The recently announced EU measures to help Ukraine export grain despite the Russian blockade of its seaports are not enough as they will be mostly based on the country’s obsolete railways, a Ukrainian lawmaker has told the European Parliament.
A delegation of Ukraine MPs was invited to a hearing of the Parliament’s agriculture committee on Tuesday (17 May) dedicated to the food security situation in the world in the aftermath of Russia’s invasion of Ukraine.
As it currently stands, 40 million tonnes of grain destined for the EU are stuck in storage in Ukraine. The race is now on to get 20 million tonnes of this grain out of the war-torn country to the bloc before the end of July.
For this reason, the EU executive presented last week an action plan to establish alternative logistics routes using all relevant transport modes, known as ‘solidarity lanes’.
The priority actions will include additional freight rolling stock, vessels and lorries, as well as the prioritisation of Ukrainian agricultural export shipments on borders, optimisation of customs operations and other inspections, but also more capacity for the temporary storage of Ukrainian exports on the territory of the EU.
Commission opens 'solidarity lanes' to strengthen EU-Ukraine food export
The European Commission has introduced new so-called ‘solidarity lanes’ to improve EU-Ukraine connectivity for grain export, including through railways, amid the blockade of Ukrainian ports due to the Russian invasion.
However, speaking before MEPs, the Ukrainian lawmaker Larysa Bilozir criticised the plan as even though it was considered “very well prepared”, it would not “help substantially in significantly increases exports […] without deblocking southern Ukrainian ports or rerouting through Baltic ports.”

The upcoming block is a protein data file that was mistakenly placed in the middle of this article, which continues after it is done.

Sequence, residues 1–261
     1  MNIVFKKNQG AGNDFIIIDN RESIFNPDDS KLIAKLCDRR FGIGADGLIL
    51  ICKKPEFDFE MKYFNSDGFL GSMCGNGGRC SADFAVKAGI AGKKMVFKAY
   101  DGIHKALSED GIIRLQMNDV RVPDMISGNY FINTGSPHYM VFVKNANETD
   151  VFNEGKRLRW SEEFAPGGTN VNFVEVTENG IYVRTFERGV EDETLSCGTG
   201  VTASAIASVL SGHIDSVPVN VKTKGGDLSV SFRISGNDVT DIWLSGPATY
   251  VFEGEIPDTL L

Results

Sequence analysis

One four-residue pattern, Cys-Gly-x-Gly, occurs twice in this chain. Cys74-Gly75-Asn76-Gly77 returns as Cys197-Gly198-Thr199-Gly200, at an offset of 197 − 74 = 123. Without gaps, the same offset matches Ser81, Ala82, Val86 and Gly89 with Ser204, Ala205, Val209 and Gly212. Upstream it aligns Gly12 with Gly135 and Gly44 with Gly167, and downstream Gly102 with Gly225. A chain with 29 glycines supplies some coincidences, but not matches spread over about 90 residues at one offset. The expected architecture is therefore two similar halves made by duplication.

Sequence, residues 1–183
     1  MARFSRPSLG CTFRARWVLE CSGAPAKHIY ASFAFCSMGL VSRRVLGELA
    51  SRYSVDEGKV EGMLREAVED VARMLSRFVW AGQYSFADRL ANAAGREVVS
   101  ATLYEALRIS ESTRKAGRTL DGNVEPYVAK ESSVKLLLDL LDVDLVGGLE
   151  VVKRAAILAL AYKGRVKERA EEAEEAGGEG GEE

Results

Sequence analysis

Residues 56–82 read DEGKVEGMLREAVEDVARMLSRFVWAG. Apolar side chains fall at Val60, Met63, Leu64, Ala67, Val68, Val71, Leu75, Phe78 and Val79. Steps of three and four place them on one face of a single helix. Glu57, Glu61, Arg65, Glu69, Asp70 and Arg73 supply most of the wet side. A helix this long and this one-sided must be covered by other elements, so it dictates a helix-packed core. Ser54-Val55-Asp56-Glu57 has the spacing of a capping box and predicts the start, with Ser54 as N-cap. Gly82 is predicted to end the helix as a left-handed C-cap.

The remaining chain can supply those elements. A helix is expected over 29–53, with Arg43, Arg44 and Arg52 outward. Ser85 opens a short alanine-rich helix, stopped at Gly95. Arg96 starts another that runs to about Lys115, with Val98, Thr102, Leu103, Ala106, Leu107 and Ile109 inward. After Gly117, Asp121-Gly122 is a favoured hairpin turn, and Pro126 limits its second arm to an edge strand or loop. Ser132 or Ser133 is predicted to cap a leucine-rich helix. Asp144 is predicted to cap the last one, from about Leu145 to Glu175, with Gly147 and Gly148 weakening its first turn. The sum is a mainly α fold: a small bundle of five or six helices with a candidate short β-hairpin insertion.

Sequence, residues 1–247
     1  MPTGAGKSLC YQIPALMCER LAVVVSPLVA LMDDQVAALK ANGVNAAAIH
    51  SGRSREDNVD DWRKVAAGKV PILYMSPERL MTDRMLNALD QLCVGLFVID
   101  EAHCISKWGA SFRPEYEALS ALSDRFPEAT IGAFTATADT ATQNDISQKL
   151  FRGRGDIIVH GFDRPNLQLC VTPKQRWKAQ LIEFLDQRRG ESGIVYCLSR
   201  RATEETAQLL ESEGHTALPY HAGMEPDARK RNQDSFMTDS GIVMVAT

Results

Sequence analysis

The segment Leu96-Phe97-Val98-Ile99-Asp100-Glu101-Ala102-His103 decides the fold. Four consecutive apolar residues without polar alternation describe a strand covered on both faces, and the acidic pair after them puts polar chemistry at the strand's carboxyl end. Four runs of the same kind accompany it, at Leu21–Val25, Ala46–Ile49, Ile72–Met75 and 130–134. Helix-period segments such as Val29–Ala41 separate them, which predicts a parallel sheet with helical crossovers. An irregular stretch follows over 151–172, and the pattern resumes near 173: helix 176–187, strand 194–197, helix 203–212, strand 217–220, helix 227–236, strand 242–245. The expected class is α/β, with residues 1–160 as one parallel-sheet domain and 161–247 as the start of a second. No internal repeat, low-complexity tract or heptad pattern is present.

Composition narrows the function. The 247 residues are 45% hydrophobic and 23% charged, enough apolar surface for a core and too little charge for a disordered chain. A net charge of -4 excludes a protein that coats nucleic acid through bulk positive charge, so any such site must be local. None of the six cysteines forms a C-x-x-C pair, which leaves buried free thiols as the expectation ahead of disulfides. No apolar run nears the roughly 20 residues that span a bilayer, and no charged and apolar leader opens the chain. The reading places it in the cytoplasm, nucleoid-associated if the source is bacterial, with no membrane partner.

The Commission’s ‘solidarity lanes’ are mostly based on facilitating railway transport of grains, but seaports were accounting for 90% of Ukraine’s export before the war.
“At best, we will export not one but two million tonnes of grain per month when we need six million tonnes,” Bilozir said, adding that at this pace, Ukraine will deliver about 47 million tonnes of the planned 70 million tonnes by July, while exports need to be doubled instead.
After the meeting with farming ministers of Poland and Ukraine and with the US agriculture secretary Tom Vilsack, EU’s agriculture boss Janusz Wojciechowski said Ukraine should export five million tons of grain per month to avoid threats to global food security.
The Ukrainian representatives also mentioned the necessity to open new hubs and customs points, highlighting that the 400-kilometres border with Romania has only 5 such points, while more of them are actually needed.
At the same time, Poland’s Deputy Prime Minister and Agriculture Minister Henryk Kowalczyk said that “it is probably impossible to transport 4-5 million tons of grain per month through Poland, but if we could help export 1-2 million tons of grain — it would already be a big success”.
While appreciating the efforts by the European partner, Ukraine’s Bilozir warned that her country needs more routes, and also asked for an exception from EU transit requirements, not only through Romania but also via Poland, Lithuania and additionally Bulgaria.
“We need to make it faster and to make export agriculture products double because today we hope that the support of international partners will be able to resume active exports from Ukraine,” she added.
Because of the war, food prices have dramatically fallen in the Ukrainian domestic market while prices are increasing on the global stage, Bilozir said.
She mentioned a modern farm in her constituency with 3,000 cattle, with equipment from Germany and Israel which is now selling beef at an average price of around €1 per kilogram when the prices are five times higher abroad.